• Scenic View from Inspiration Point, Anacapa Island ©timhaufphotography.com

    Channel Islands

    National Park California

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  • Santa Barbara Island Closed Due to Storm Damage

    Santa Barbara Island is closed to public access due to damage from the recent storms to the pier landing ladder. The closure will be in place until a new ladder can be fabricated and installed. The closure is expected to last over a month. More »

  • Public Closures on Santa Barbara Island

    Certain Santa Barbara Island trails are closed to all public entry to proctect breeding populations of California brown pelicans. More »

Whale Watching

Bill Faulkner
 

Island Packers, one of the park concessionaires, offers whale watching during the year. Please refer to Island Transportation for contact information. Other whale watch operators are located in Santa Barbara, Ventura, and Channel Islands Harbors as well as down in the Los Angeles area.

The waters surrounding Channel Islands National Park are home to many diverse and beautiful species of cetaceans (whales, dolphins, and porpoises). About one third of the cetacean species found worldwide can be seen right here in our own backyard, the Santa Barbara Channel. The 27 species sighted in the channel include gray, blue, humpback, minke, sperm, and pilot whales; orcas; Dall's porpoise; and Risso's, Pacific white-sided, common, and bottlenose dolphins.

This diversity of cetacean species offers a great opportunity to whale watch year-round. The most common sightings are of gray whales from mid- to late-December through mid-March, blue and humpback whales during the summer, and common dolphins throughout the entire year. Whales and dolphins can be seen either from shore or from a boat. The best shore viewing is from a high spot on a point that juts out into the ocean. Some examples include Point Dume in Malibu, the Palos Verdes Peninsula near Los Angeles, and Point Loma in San Diego. The park visitor center has a tower with telescopes, which can be used for whale watching as well as island viewing. Watching in the early morning hours, before the wind causes whitecaps on the water's surface, will provide you with the best opportunity to see whales from shore.

Closer viewing of whales is possible from public whale watching boats or private boats. Whales have been known to approach boats quite closely. Under the Marine Mammal Protection Act, boaters must stay at least 100 yards from whales unless the whale chooses to approach the boat.

Many whales are on the endangered species list and should be treated with special care. All whales are protected by the Marine Mammal Protection Act; it is illegal to disturb or harm any marine mammal. Boaters who use private craft to watch whales must remember to stay at least 100 yards away from whales. Boaters who frighten or interrupt the whales' activities by approaching too close could drive the whales away from food or young calves. Please remember that whales are wild animals and can be unpredictable.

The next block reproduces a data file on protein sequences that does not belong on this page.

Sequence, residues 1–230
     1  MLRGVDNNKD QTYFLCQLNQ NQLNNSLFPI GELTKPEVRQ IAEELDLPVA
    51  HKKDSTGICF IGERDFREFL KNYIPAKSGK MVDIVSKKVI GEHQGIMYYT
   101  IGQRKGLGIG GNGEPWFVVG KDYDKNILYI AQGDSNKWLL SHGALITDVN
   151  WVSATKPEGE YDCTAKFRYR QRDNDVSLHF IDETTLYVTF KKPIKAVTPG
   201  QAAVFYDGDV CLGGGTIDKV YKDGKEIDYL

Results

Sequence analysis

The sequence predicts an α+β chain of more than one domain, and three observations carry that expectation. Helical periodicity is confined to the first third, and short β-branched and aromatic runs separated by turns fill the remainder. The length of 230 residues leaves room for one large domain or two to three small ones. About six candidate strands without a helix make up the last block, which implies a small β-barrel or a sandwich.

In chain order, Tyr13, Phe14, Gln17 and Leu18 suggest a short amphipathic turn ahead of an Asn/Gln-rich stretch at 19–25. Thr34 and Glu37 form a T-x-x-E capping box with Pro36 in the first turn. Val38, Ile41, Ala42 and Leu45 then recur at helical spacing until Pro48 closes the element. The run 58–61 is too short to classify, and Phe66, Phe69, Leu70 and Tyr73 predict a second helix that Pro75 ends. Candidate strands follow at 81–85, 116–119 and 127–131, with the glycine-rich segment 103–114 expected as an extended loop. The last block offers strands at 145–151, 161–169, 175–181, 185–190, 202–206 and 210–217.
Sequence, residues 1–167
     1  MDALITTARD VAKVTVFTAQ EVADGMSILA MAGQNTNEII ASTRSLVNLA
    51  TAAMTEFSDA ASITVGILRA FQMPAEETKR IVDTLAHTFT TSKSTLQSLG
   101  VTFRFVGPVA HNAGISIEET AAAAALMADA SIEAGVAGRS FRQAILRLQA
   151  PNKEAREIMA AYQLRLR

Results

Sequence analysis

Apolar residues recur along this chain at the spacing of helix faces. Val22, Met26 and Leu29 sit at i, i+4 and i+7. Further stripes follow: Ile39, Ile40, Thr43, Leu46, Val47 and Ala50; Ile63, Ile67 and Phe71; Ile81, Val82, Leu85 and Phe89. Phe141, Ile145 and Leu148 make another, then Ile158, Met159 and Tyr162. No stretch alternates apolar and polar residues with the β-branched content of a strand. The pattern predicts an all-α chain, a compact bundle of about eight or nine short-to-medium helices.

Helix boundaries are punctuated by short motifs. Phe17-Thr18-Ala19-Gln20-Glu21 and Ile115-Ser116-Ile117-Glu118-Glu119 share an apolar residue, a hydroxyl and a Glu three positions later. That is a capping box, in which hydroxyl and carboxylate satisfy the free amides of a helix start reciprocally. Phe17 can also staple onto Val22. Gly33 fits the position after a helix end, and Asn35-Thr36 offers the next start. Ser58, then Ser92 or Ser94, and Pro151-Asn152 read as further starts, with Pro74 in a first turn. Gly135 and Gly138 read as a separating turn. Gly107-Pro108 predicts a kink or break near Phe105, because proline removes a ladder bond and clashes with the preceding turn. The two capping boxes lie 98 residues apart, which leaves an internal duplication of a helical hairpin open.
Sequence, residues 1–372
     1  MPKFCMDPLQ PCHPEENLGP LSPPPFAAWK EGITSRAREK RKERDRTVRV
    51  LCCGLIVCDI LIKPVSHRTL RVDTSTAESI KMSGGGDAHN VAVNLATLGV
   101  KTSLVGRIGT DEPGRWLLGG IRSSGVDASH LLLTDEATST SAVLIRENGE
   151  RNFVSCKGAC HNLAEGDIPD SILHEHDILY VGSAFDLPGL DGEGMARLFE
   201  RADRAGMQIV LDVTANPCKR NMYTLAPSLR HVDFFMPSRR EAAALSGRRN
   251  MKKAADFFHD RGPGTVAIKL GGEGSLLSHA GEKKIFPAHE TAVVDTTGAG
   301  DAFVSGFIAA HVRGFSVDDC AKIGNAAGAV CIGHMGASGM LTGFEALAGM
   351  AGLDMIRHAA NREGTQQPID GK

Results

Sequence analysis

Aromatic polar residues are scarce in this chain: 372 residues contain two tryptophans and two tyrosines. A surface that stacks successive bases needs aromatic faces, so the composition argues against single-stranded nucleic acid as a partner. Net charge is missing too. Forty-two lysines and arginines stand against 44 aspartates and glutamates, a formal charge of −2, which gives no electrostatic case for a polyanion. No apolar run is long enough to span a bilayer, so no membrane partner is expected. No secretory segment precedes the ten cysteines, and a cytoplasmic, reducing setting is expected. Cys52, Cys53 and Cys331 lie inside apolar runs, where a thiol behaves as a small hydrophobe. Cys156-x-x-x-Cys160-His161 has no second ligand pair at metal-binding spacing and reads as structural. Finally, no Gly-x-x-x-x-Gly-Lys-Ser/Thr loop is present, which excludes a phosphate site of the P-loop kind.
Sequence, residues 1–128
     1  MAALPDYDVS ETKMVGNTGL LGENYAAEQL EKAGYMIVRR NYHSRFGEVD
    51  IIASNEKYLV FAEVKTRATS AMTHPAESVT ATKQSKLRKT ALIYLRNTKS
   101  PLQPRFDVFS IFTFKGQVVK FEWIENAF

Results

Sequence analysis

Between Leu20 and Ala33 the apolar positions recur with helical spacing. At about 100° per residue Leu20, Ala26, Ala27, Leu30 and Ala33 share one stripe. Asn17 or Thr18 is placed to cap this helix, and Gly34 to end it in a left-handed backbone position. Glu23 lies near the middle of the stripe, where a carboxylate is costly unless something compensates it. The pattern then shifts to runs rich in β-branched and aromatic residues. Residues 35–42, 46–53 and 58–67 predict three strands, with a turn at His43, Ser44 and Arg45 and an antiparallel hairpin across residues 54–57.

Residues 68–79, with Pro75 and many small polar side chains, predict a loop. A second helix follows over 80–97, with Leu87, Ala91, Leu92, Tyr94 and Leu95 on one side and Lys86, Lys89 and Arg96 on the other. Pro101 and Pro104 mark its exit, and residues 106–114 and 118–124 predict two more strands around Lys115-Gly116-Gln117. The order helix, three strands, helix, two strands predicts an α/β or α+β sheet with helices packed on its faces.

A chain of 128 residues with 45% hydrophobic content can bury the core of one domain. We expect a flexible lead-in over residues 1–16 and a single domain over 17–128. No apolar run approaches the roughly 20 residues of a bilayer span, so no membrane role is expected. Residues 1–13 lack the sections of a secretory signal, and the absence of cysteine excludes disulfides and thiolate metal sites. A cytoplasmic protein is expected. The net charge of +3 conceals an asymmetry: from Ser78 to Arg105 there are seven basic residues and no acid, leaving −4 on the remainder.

We need to continue to explore the world of whales and dolphins. The well-being of the cetacean population is a good indication of the health of the ecosystem. Our ability to bring these species into the next century and beyond is an indication of the future of life on this planet. Every day we learn more about these mysterious and unique creatures that dwell beneath the water, yet rise above it to breathe.

 

Whale Habits

Whether you are watching from shore or in a boat, here are a few distinctive habits to look for.

Spouts

Your first indication of a whale will probably be its spout or “blow.” It will be visible for many miles on a calm day, and an explosive “whoosh” of exhalation may be heard up to 1/2 mile away. The spout is mainly condensation created as the whale’s warm, humid breath expands and cools in the sea air.

 
blue whale spouting
Blue whale spouting.
Brad Sillasen
 

Breaching

No one knows why whales perform this most spectacular of their behaviors. It may be part of the courtship display, a signal, an effort to dislodge parasites, an expression of stress, or just for fun. When breaching, threequarters or more of the whale’s body bursts forth from the water, pivots onto its side or back, and falls back with an enormous splash.

 
breaching humpback whale
Breaching humpback whale.
An NPS Photo
 

Diving

Diving is preceded by whales thrusting their tail flukes out of the water. Typically, whales make a series of shallow dives, followed by a deep dive.

Footprints

Ripples caused by the vertical thrusts of the tail as the whale dives are called “footprints.”

 
blue whale tail
Blue whale tale or fluke.
Brad Sillasen
 

Spyhopping

Whales and dolphins are believed to have reasonable vision in air as well as water. On occasion, a whale will extend its head vertically from the sea. Supported by thrusting flukes, the whale’s head can rise 8-10 feet above the surface, sometimes turning slowly for thirty seconds or more before slipping back underwater.

 
gray whale spyhopping
Gray whale spyhopping.
An NPS Photo

Did You Know?

Island night lizard                                     C. Drost

The only reptile found on Santa Barbara Island is the endemic and threatened island night lizard. These lizards can live up to 20 years or more, but once established in a territory generally remain within a 3-meter radius their entire life.